The need for a software assurance program

by Nathan Britton

25 February 2021

Business professionals pointing at the laptop screen

How application security can validate your digital journey

A recent NTT Threat Report1 spoke about the ‘digital wild west’ and how digital transformation has meant that organizations, irrespective of their core business function, are ‘all software companies now’. COVID-19 has exacerbated this, being an unexpected driver of further digital adoption, as organizations were forced to react to a very different 2020.

Align this with findings from our annual Global Threat Intelligence Report – which identified that 55% of all global attacks are now at the application layer – it’s clear that many organizations are facing the challenge of maximizing business opportunities while balancing new forms of business risk.

Jointed puzzle pieces
Security testing is a more effective weapon at combatting web application vulnerabilities and reducing an organization’s attack surface, than traditional, reactive and compensating controls. However, as outlined in the Report , the variety of security testing techniques come with their own challenges.

So, how can organizations overcome these challenges and make the shift towards security being a key tenet of overall business strategy, where security gaps are proactively identified, and security controls are up to date.

My recommendation is a robust and comprehensive software assurance program: one which not only includes application security testing, but also has an equal focus on people and process. This means the program can provide broad coverage of software development, from design to operation.

Steps to building a comprehensive software assurance program

As a critical first step, a software assurance program that considers people, process and technology requires organizational buy-in from senior stakeholders. Organizational security must be considered as a shared responsibility, just like quality, performance and functionality. Being seen as an equal bedfellow will provide the security team the impetus it needs to positively impact the software development lifecycle.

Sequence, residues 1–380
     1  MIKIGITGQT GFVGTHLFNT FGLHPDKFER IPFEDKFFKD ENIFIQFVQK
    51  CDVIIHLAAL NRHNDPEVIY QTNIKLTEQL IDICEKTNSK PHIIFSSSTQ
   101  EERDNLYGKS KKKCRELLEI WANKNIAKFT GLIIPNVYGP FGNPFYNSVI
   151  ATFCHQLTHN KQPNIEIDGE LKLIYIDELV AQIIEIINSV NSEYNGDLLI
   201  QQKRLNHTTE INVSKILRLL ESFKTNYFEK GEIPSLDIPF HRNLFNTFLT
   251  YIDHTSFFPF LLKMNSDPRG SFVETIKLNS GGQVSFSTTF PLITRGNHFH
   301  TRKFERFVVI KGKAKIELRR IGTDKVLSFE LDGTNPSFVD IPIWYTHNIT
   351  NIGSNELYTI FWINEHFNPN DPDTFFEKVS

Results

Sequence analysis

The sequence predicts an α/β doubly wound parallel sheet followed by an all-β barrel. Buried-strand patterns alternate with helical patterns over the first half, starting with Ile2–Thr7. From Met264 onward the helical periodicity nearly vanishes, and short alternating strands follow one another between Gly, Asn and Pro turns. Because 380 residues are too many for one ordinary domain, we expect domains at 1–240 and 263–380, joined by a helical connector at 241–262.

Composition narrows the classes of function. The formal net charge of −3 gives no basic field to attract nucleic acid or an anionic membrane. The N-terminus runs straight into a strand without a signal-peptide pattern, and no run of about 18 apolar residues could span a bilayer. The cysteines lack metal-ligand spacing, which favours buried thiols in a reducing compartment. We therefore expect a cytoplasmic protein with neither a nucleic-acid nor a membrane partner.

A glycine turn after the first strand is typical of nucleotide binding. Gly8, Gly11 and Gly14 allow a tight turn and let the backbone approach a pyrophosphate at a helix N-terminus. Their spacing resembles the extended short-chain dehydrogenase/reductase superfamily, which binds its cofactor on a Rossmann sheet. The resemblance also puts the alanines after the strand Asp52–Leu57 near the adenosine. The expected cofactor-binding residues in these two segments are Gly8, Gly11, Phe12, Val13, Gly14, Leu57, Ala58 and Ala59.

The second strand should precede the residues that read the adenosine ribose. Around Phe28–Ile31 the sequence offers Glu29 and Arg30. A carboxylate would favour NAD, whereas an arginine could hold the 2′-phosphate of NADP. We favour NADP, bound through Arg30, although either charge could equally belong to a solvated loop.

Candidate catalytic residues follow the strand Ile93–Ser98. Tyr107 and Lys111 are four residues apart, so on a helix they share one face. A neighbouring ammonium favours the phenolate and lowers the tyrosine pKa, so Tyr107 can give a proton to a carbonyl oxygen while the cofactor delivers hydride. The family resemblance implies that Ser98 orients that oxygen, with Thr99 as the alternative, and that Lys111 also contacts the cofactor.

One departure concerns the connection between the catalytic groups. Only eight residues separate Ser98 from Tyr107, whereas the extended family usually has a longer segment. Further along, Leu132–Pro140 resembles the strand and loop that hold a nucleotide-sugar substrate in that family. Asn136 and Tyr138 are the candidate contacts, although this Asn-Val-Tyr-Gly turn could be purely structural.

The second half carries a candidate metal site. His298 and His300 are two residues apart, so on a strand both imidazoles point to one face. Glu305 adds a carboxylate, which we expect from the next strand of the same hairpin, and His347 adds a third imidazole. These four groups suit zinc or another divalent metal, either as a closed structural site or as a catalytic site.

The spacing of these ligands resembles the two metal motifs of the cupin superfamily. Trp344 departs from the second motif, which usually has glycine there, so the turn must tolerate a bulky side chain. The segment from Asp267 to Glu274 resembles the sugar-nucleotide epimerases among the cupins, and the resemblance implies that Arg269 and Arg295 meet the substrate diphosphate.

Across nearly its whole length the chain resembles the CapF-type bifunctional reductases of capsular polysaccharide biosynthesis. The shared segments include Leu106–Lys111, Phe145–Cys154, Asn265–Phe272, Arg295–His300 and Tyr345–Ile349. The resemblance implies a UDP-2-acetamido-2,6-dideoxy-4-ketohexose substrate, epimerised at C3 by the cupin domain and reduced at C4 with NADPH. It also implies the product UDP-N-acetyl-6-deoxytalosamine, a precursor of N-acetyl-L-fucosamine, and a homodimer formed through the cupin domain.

Software assurance then needs to be measured. Unless an organization has visibility of their strengths and weaknesses, what controls are currently in place and where the gaps are, an actionable plan can’t be created. To help organizations achieve this, there are maturity models such as Building Security in Maturity Model (BSIMM) and Open Web Application Security Project (OWASP) Security Assurance Maturity Model (SAMM), which are yardsticks to benchmark organizations against known security assurance practices.

Both models help identify current and target maturity levels, across security disciplines. A clear and measurable plan can then be put in place to improve the software security posture of an organization.

Take OWASP SAMM as an example. This framework has been designed to be flexible and easy to follow. While it’s a prescriptive model, OWASP encourages organizations to define their own required maturity state and doesn’t insist maximum maturity is achieved across the board. It’s broken down into business functions and security practices, to ensure organizations can take an iterative approach to security.

What might a mature software assurance program look like?

Some initial recommendations I would offer to get things started are:

  • Consider all the phases of the Software Development Life Cycle (SDLC), not just the test phase. For example, threat modelling in the design phase will ensure risks are understood early in the application lifecycle and mitigations or controls identified upfront. Look to map security activities across the whole application lifecycle. External resources, such as those offered by OWASP or SANS, can help map these activities to the right DevOps phases.
  • Consider the actors involved. Developers aren’t security experts and, equally, security experts aren’t developers. A well-defined, role-based training program will help foster the culture required to succeed. For example, secure coding training for developers and SDLC tooling training for security engineers.
  • Nominate a security champion. Where organizations are benefitting from DevOps methodologies, a security champion can forge a bond between the security and development teams. As security professionals are often outnumbered in organizations by their IT/DevOps colleagues,2 the security champion can be an extension of the security function into a development squad, and can provide more timely and consistent security assurance during the delivery lifecycle.
  • Build a secure process framework. This will empower developers and security professionals alike to make best use of the technology provided to them. A repeatable set of processes, (preferably automated) ensures a consistent and repeatable approach with suitable guardrails agreed in advance.

Application security testing is critical to validating an organization’s attack surface and securing their digital journey. But an organization-wide, holistic approach, where people, process and technology are brought together to ensure security is considered to be a process, not a goal, helps organizations become secure by design.

As one of the all-time great French footballers, Michel Platini, once said ‘a football team represents a way of being, a culture,’ and so too does a mature software assurance program.

1Monthly Threat Report November 2020

2Companies are making up for lack of cybersecurity professionals by investing in their developers

Nathan Britton

Nathan Britton

Threat Validation & Assurance and Application Security Practice Lead, NTT Ltd.